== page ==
Analiese Gre­gory

Qantas - - YES, CHEF! - Franklin, Ho­bart

At cel­e­brated Aus­tralian-Viet­namese restau­rant An­chovy (an­chovy.net.au), in Richmond, Mel­bourne, chef and co-owner Thi Le runs an all-fe­male team. It was by accident rather than de­sign, she says, but “most boys don’t like be­ing told what to do by a woman.” Le re­ceived a for­ma­tive les­son in kitchen gender pol­i­tics as a young chef work­ing un­der Chris­tine Man­field at Syd­ney restau­rant Uni­ver­sal. “I’d just started work­ing for Chris­tine and I said some­thing one day about fe­male chefs. She al­most slapped me and told me I was a bloody id­iot… a chef was a chef and that was it.”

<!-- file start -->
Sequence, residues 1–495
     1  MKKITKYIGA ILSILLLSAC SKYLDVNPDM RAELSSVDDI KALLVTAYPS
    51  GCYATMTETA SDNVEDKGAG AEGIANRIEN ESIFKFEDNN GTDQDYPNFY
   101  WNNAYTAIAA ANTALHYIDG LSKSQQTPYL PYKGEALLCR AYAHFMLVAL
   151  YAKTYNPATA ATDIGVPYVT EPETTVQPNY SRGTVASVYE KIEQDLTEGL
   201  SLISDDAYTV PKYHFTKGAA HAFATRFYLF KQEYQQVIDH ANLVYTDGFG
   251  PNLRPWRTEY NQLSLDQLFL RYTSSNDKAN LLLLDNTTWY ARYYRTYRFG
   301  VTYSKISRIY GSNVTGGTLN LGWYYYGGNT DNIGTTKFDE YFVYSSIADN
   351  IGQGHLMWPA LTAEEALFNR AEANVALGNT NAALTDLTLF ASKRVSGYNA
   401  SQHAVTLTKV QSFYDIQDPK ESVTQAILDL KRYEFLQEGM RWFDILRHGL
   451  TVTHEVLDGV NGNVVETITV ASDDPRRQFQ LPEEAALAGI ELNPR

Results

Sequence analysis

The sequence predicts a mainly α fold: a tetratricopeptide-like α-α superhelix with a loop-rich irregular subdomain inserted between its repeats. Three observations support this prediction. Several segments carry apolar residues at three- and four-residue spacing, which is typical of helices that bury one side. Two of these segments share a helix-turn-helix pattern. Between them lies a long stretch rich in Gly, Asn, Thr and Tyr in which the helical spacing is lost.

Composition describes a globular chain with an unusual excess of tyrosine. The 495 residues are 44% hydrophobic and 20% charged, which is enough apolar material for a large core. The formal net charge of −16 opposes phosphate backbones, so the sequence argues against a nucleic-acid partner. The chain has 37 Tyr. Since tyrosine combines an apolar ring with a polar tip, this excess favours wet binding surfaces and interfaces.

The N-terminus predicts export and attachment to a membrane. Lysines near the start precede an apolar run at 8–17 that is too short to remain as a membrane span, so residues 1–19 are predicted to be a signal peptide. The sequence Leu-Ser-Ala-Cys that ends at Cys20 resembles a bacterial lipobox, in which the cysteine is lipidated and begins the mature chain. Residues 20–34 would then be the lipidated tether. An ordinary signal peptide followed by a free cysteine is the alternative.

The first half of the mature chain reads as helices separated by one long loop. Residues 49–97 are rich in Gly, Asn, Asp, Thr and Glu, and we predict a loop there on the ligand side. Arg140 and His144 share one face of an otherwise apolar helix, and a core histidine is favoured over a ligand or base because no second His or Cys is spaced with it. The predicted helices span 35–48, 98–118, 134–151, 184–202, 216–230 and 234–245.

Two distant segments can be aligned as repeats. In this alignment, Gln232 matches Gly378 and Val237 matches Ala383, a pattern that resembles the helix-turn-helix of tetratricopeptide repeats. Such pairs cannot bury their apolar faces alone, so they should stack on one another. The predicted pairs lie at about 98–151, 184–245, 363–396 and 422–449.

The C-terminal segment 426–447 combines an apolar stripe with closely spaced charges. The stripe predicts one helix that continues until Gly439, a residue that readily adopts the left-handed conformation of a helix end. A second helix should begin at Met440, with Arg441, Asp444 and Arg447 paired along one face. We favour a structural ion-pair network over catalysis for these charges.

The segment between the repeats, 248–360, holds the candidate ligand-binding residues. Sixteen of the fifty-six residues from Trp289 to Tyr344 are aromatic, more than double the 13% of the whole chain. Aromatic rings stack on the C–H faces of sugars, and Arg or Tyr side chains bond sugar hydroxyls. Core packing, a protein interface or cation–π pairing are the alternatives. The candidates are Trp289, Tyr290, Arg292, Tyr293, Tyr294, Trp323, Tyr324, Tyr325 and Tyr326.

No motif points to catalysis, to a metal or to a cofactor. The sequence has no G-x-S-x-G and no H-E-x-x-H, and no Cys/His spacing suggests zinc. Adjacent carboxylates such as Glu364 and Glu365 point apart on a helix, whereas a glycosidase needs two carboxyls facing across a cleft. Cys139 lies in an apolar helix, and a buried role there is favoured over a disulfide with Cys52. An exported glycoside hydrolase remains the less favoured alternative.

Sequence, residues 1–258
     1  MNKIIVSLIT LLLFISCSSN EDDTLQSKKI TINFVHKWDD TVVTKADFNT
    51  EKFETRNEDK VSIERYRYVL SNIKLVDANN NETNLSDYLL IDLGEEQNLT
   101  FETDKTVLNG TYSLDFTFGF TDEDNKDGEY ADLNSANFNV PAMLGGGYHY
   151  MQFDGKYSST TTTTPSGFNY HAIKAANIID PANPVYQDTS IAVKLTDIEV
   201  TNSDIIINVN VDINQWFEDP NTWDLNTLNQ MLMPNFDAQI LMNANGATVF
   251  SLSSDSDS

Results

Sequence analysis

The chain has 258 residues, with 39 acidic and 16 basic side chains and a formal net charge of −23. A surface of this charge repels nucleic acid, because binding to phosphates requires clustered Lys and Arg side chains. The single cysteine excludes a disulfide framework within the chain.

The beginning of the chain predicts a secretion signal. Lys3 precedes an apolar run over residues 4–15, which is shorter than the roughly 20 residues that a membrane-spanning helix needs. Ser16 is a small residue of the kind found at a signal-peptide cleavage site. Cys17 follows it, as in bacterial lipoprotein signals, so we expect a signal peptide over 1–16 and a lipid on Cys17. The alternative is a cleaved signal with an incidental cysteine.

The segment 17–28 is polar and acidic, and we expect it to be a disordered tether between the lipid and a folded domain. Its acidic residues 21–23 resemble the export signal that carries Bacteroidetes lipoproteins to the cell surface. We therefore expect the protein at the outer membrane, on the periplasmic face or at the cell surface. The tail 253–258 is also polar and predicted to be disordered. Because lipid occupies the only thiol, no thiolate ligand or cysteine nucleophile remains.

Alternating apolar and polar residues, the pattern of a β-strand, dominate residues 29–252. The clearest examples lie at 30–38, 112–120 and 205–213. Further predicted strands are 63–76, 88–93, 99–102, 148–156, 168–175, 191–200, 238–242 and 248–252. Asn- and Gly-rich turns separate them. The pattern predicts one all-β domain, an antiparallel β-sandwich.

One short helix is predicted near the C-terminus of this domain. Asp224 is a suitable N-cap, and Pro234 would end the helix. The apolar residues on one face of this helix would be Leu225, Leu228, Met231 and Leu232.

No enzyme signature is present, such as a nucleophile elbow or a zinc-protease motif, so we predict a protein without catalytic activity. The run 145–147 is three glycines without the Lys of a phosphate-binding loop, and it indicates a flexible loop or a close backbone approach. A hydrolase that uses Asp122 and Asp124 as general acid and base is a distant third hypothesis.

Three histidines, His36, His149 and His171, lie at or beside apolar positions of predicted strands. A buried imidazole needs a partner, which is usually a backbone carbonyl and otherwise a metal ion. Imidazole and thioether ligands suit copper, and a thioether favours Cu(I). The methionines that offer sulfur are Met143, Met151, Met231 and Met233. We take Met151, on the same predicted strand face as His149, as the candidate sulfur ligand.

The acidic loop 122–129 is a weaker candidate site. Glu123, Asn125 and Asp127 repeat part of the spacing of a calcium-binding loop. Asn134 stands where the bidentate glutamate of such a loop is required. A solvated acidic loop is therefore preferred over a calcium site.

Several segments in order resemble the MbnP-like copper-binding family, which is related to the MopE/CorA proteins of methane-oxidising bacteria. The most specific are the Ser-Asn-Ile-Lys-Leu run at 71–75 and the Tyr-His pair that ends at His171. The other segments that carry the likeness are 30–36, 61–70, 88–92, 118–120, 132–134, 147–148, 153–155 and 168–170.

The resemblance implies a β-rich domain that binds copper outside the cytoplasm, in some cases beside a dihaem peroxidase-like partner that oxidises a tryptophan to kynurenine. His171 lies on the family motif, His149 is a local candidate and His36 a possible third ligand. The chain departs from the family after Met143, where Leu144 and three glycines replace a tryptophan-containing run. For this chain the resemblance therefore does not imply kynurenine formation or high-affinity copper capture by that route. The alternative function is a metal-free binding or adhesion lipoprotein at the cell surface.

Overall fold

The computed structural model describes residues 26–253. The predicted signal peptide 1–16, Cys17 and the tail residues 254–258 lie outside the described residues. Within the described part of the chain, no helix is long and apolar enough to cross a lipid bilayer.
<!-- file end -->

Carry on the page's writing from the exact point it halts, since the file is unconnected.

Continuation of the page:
Chez Panisse alum­nus Danielle Al­varez also prefers to be known sim­ply as “a chef”. She was a great score for the Merivale em­pire when it opened Fred’s (merivale.com) in Syd­ney’s Padding­ton in 2016. “I don’t think of my­self as a fe­male chef,” says the Cuban Amer­i­can, who first vis­ited Aus­tralia in 2015 and liked it so much she stayed. “I’ve worked in kitchens where I never felt there was gender bias or that I had to work harder than the men to be no­ticed.” Her ex­pe­ri­ence of men work­ing for women dif­fers from Le’s: “I do hear from men, in par­tic­u­lar, that they pre­fer to work for fe­male chefs. They say it’s a nicer en­vi­ron­ment... there’s less ego, more of an at­ti­tude of just get­ting on with the job and be­ing cre­ative. Maybe that’s where men and women are dif­fer­ent in the kitchen.”

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